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National Emergency Management Conference 2017

Another packed and ambitious programme of international and domestic speakers all discussing the "Future of Emergency Management: making it happen’.

Making it happen: MCDEM Conference 2017

Conference includes presentations from a range of knowledgeable and experienced leaders including Sir Mark Solomon (Ngai Tahu), Gilbert Enoka (all Blacks Mental Skills coach), Craig Fugate (ex-FEMA Administrator) and Rob Jamieson (Orion CEO). With insights and lessons in risk management, resilience, business continuity, behaviour change, science communication, strategy and innovation, the conference should provide something of value to those working across the National Security System, Civil Defence Emergency Management and beyond.

The 2017 Ministerial Awards and Directors awards will be presented as part of Conference Dinner (07 June).  Awarded to those who have gone above and beyond, the awards are our chance to say thank you to some of CDEM's shining lights.

Can’t attend? Follow live coverage of the conference on Twitter via @NZCDEM or #NZCDEM17. 

Where: Intercontinental Hotel, Wellington

When: Conference 07-08 June. Conference Dinner 07 June. Workshops: 09 June

Registrations: are now closed. 

Useful links:

Conference programme

Conference plenary speakers

Conference concurrent/panel speakers

Conference Workshop Summaries


Look who’s talking: Plenary Speakers 2017

Craig Fugate 

W. Craig Fugate served as President Barack Obama’s Federal Emergency Management Agency administrator from May 2009 to January 2017.  Previously, he served as Florida Governor Jeb Bush’s Emergency Management Director from 2001-2009.  Fugate led Florida Emergency Management Agency through multiple record-breaking disaster years and oversaw the Federal Government’s response to major events such as the Joplin and Moore Tornadoes, Hurricane Sandy, Hurricane Matthew, and the 2016 Louisiana flooding. FEMA’s effectiveness in dealing with more than 500 Presidentially-declared major disasters and emergencies under Fugate’s leadership restored public faith in the Federal Government’s ability to respond to disasters.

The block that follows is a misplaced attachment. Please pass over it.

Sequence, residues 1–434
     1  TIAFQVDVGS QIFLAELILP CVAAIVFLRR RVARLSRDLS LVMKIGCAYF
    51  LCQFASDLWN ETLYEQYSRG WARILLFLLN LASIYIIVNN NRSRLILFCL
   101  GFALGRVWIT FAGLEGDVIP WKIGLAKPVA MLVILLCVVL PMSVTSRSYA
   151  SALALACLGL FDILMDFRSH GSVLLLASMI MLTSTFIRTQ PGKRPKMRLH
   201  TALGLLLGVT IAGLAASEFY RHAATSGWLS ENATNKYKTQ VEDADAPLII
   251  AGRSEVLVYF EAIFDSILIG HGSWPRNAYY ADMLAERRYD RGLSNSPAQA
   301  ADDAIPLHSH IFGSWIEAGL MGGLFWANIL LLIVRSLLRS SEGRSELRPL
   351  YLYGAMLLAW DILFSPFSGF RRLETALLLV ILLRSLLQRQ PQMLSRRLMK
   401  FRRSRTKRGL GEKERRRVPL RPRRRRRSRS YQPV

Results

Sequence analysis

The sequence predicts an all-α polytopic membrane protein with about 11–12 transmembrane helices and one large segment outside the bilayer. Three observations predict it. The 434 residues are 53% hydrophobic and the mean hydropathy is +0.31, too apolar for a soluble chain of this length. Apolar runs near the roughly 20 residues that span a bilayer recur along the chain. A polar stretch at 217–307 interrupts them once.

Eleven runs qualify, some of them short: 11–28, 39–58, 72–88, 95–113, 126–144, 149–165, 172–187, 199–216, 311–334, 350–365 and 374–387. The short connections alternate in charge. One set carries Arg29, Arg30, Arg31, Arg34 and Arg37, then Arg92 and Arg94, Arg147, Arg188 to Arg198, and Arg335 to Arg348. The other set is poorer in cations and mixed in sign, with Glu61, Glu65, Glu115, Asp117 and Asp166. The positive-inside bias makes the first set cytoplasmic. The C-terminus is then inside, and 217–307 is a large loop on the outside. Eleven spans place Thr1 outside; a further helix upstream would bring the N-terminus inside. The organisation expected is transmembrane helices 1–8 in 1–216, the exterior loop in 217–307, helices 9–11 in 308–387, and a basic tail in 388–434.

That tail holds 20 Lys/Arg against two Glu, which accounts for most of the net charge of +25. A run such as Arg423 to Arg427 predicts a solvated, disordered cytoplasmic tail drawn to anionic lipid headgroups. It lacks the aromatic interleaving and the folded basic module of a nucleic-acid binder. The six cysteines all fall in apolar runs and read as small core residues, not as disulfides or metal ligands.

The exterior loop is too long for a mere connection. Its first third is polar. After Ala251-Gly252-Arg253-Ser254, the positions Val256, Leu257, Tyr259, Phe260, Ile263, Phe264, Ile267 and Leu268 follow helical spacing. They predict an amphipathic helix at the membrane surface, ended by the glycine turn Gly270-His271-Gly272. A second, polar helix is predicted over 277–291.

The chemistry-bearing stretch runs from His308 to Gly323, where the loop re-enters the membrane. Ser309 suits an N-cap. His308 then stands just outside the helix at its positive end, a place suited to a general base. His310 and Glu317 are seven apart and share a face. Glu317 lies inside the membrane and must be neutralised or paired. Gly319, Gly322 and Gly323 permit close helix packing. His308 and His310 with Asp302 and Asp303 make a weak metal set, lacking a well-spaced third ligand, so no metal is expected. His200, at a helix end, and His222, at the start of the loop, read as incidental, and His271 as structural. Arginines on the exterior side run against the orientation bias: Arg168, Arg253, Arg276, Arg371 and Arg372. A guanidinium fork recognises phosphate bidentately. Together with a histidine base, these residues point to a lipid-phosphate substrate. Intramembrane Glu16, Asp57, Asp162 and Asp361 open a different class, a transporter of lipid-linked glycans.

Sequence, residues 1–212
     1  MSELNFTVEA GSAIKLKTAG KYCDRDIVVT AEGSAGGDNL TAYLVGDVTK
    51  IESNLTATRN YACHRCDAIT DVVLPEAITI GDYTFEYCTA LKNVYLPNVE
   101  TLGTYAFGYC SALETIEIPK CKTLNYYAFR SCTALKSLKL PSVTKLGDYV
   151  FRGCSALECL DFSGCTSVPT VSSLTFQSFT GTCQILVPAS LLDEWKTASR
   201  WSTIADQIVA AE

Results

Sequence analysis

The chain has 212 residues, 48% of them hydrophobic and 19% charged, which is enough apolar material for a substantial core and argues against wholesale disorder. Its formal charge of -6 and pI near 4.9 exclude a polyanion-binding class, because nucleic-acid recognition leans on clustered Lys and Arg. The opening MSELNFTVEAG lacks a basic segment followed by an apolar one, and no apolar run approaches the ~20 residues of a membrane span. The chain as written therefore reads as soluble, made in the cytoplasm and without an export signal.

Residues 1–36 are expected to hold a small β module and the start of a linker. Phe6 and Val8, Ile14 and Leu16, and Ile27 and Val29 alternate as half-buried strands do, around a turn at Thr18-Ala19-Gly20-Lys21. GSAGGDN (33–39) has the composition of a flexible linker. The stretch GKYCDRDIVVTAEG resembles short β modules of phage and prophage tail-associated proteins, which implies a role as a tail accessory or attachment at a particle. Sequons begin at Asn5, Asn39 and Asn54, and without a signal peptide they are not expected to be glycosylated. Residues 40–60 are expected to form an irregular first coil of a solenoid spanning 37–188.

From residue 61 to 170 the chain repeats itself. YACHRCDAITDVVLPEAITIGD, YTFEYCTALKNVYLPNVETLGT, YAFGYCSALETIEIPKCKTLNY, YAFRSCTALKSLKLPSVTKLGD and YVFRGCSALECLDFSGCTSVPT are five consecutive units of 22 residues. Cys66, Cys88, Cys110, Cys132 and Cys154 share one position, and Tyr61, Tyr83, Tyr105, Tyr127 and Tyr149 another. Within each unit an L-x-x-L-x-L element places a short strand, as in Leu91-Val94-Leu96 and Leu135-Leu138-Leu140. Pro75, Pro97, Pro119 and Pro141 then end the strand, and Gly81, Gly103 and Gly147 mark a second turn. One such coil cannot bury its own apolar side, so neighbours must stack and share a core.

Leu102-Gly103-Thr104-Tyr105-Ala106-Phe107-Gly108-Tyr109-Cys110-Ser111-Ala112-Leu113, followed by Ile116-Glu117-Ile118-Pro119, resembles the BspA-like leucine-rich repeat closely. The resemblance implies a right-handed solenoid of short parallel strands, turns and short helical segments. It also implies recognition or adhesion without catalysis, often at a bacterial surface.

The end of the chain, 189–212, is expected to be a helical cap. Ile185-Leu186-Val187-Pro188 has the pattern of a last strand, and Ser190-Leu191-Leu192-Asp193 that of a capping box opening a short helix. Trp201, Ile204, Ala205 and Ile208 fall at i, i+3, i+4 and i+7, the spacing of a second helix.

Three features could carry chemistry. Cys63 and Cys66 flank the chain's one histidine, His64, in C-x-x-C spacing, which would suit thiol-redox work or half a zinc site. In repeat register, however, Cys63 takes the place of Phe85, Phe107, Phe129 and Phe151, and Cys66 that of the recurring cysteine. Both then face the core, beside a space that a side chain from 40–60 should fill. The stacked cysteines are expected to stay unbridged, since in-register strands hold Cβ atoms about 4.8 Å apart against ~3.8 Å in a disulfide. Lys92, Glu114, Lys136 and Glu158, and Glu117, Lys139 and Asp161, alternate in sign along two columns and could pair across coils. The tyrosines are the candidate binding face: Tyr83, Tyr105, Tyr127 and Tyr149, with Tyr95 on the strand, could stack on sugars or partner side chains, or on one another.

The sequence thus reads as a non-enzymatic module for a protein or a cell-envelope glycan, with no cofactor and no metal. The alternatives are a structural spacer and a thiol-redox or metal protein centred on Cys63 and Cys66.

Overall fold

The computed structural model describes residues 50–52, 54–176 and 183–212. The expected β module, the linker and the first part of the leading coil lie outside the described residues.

Twitter: @WCraigFugate 

Sir Mark Solomon 

Born and raised in Christchurch Sir Mark’s ancestral home is Kaikōura. As a prominent Ngai Tahu member whose dream is to see his people be culturally strong, healthy and happy. Achieving this dream is complex, but Sir Mark believes that Ngai Tahu are a tenacious people who have a long and proven history of being able to adapt and innovate. He believes they will continue these traditions today guided by a set of values handed down by their ancestors

Gilbert Enoka 

Gilbert Enoka has a 16-year history with the All Blacks, first as their mental skills coach and now as manager. With the All Blacks for over 200 tests, Enoka is an expert in the psychology behind individual and team sporting success and how this can be applied to any walk of life. 

Rob Jamieson 

Rob Jamieson is Chief Executive of Orion, the electricity network covering 8,000 square kilometres of Christchurch City and Selwyn District. An electrical engineer, in his 23 years delivering power with Orion, Rob has experienced more natural events than he cares to remember.

Rob is excited about the opportunity New Zealand has to help the planet through decarbonising transport using our renewable electricity system. He’s proud to be a part of the growth and renewal of the Canterbury region. 

Lillian Grace 

Lillian is CEO and Founder of Figure.NZ, the first organisation globally to assert that everyone can use data in their thinking, and to build the systems, software, relationships and trust to enable this. Figure.NZ provides a data publishing service to organisations with data, standardising it and making it truly usable for everyone regardless of skill level. Lillian is on the recently established Data Futures Partnership Working Group, on the Expert Advisory Panel of the Open Government Partnership, as well as on the board of NZ’s Centre of Research Excellence Te Pūnaha Matatini. 

Twitter @Gracefullillian  @FigureNZ

Dave Wild